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Journal Article

High-temperature conventional superconductivity


Eremets,  M. I.
Biogeochemistry, Max Planck Institute for Chemistry, Max Planck Society;


Drozdov,  A. P.
Biogeochemistry, Max Planck Institute for Chemistry, Max Planck Society;

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Eremets, M. I., & Drozdov, A. P. (2016). High-temperature conventional superconductivity. Physics-Uspekhi, 59(11), 1154-1160.

Cite as: https://hdl.handle.net/11858/00-001M-0000-002C-EAF5-5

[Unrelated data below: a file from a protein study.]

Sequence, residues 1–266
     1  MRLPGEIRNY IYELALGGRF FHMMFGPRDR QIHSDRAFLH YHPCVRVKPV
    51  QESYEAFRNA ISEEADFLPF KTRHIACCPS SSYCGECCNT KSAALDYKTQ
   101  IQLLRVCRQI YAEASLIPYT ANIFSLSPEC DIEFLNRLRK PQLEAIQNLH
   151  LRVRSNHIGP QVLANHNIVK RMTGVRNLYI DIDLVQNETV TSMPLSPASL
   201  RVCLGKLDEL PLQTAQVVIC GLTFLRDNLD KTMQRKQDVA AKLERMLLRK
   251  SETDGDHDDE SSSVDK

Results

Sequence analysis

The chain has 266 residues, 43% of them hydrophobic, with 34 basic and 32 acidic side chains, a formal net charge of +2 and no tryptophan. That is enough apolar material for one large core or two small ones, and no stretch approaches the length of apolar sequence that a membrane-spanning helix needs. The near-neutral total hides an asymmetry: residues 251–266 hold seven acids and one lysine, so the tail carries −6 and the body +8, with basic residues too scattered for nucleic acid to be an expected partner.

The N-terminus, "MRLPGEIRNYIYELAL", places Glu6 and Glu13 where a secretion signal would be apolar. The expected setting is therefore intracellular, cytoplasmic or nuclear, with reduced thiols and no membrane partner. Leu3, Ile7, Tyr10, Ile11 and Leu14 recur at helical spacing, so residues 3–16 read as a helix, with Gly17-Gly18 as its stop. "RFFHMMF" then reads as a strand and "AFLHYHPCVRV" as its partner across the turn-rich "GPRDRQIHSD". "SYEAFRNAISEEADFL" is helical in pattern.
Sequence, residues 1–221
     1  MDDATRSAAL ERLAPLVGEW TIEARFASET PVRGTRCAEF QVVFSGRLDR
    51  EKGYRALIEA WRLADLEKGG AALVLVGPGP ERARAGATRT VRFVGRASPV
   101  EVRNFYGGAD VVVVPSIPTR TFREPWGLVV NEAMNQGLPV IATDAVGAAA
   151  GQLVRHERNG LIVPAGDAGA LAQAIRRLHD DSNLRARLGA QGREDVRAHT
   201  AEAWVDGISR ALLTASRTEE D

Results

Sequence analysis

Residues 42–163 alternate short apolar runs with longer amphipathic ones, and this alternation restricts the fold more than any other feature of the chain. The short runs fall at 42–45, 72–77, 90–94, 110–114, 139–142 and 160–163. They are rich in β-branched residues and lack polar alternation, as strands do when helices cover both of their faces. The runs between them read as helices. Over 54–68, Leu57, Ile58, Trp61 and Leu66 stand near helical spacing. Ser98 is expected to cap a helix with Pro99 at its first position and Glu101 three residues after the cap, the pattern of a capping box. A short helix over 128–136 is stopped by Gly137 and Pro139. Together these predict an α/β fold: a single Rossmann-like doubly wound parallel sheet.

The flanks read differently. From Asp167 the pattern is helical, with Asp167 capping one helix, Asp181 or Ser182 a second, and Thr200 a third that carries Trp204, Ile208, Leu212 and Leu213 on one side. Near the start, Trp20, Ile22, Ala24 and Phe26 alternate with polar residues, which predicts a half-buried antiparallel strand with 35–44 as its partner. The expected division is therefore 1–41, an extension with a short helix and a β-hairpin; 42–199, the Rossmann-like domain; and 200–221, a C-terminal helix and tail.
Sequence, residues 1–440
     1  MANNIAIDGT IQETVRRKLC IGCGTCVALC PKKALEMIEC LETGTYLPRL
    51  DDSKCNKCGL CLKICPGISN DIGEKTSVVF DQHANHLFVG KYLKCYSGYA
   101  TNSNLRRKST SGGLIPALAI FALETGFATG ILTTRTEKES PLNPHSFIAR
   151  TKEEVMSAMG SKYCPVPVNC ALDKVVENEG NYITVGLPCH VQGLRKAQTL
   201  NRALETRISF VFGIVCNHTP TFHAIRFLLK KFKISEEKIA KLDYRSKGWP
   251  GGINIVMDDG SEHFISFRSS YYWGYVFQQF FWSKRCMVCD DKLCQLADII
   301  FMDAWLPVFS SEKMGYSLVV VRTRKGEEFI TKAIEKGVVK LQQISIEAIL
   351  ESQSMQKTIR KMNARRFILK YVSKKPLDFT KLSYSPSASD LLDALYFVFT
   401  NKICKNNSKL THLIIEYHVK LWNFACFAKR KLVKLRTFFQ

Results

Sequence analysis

Conventional superconductors are described well by the Bardeen – Cooper – Schrieffer (BCS) theory (1957) and its related theories, all of which importantly put no explicit limit on transition temperature Tc. While this allows, in principle, room-temperature superconductivity, no such phenomenon has been observed. Since the discovery of superconductivity in 1911, the measured critical temperature of BCS superconductors has not until recently exceeded 39 K. In 2014, hydrogen sulfide under high pressure was experimentally found to exhibit superconductivity at Tc = 200 K, a record high value which greatly exceeds that of the previous class of high-temperature superconductors, the cuprates. The superconductivity mechanism in cuprates has not yet been explained. Over a period of 25 years, the critical temperature of cuprates has not been increased above 164 K. The paper reviews research on record-high Tc superconductivity in hydrogen sulphide and other hydrides. Prospects for increasing Tc to room temperature are also discussed.